PhD secondment at Cancer Research UK Cambridge Institute

Tuesday 06 Nov 18
by Signe Rømer Holm


Jan Henrik Ardenkjær-Larsen
Head of Department, Professor
DTU Health Tech
+45 45 25 57 57


Vitaliy Zhurbenko
Associate Professor
DTU Space
+45 45 25 38 20

PhD student Mohammed Albannay from DTU’s Center for Hyperpolarization in Magnetic Resonance (HYPERMAG) has recently enjoyed a secondment at Cancer Research UK Cambridge Institute.

Albannay’s research is funded by Marie Skłodowska-Curie Actions as part of Innovative Training Network EUROPOL ( The mission of the EUROPOL partners is to develop new applications for Hyperpolarization - a novel technology which dramatically increases the Magnetic Resonance signal - using different techniques. The main focus of Albannay’s PhD project is to overcome technical challenges to raise the substrate polarization level whilst reducing the time needed to achieve high polarization. 

Hyperpolarized Metabolic Magnetic Resonance (MR) allows us to follow changes in cell metabolism in real-time and non-invasively. As many diseases start with metabolic changes (diabetes, cancer, inflammation, heart disease etc.) long before any physical changes can be observed, Hyperpolarized Metabolic MR is fostering many exciting new applications.

One of the most compelling applications is as an evaluation tool for clinical oncology. Eight university hospitals around the world have now obtained approval for clinical studies using Hyperpolarizated Metabolic MR on cancer patients, utilizing the hyperpolarized signal to follow tumor reaction before, during and after treatment – without biopsies or latency. First results indicate earlier diagnosis, and ability to stage cancer progression and follow treatment impact more accurately.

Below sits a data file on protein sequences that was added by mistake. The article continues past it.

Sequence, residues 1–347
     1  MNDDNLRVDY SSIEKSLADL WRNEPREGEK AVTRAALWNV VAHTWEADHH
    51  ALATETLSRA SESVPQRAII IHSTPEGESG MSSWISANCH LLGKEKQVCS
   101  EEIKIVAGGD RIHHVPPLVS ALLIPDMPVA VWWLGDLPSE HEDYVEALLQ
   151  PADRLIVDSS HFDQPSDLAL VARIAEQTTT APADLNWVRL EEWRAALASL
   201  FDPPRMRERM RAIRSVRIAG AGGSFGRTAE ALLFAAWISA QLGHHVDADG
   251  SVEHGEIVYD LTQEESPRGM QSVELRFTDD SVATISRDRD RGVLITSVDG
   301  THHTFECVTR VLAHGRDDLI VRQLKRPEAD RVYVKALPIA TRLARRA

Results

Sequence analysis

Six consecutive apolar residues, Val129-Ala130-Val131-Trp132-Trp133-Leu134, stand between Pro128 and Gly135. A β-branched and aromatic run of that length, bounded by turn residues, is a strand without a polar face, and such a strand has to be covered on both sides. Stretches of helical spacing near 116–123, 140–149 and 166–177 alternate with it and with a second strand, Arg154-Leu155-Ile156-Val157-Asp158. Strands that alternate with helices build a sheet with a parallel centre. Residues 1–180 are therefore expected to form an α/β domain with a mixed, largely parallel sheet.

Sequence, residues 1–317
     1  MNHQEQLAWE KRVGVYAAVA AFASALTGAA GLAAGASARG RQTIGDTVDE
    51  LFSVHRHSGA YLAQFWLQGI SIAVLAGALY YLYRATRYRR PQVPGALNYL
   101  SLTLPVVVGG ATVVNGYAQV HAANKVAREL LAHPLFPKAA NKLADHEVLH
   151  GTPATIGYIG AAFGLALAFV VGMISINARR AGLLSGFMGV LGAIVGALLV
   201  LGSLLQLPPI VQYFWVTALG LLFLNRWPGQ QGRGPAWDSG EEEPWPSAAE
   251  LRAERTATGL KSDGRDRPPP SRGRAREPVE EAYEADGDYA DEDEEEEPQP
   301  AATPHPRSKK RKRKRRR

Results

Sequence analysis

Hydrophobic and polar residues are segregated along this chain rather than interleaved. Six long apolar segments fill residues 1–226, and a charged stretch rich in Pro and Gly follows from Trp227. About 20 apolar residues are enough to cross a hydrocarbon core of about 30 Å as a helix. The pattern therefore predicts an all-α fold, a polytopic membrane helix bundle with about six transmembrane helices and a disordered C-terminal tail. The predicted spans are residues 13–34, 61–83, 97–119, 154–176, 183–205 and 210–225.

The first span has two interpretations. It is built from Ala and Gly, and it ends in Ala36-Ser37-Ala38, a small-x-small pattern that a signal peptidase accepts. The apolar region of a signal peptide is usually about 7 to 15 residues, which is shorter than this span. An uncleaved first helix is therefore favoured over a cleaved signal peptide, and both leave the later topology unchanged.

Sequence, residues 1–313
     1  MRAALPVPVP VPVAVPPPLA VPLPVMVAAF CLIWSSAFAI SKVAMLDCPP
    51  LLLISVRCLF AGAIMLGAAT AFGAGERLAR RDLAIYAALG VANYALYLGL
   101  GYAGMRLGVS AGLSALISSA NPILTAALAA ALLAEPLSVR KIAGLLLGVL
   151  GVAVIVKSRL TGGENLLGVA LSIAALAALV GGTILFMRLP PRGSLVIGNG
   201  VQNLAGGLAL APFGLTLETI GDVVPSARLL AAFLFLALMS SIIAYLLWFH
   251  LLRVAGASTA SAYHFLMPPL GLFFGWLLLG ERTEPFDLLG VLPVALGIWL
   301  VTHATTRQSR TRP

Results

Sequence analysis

Cancer Research UK Cambridge Institute is one of the sites conducting research as well as pre-clinical and clinical trials in hyperpolarized Metabolic MR. Albannay’s experience from HYPERMAG in MR instrumentation facilitated the construction of several coils for in vivo imaging in 7 and 9.4 T pre-clinical MR scanners. His primary focus at Cambridge was on building a TX/RX quadrature 8-rung 13C birdcage coil. Preliminary tests indicate that the coil provides the sensitivity and homogeneity needed to image the whole body of a small animal; a desirable feature for high-field angiography experiments.

Thanks to the Brindle Group at Cancer Research UK Cambridge Institute for hosting Mohammed Albannay during his secondment, and to Prof Arnaud Comment and his team for supervision and support. 

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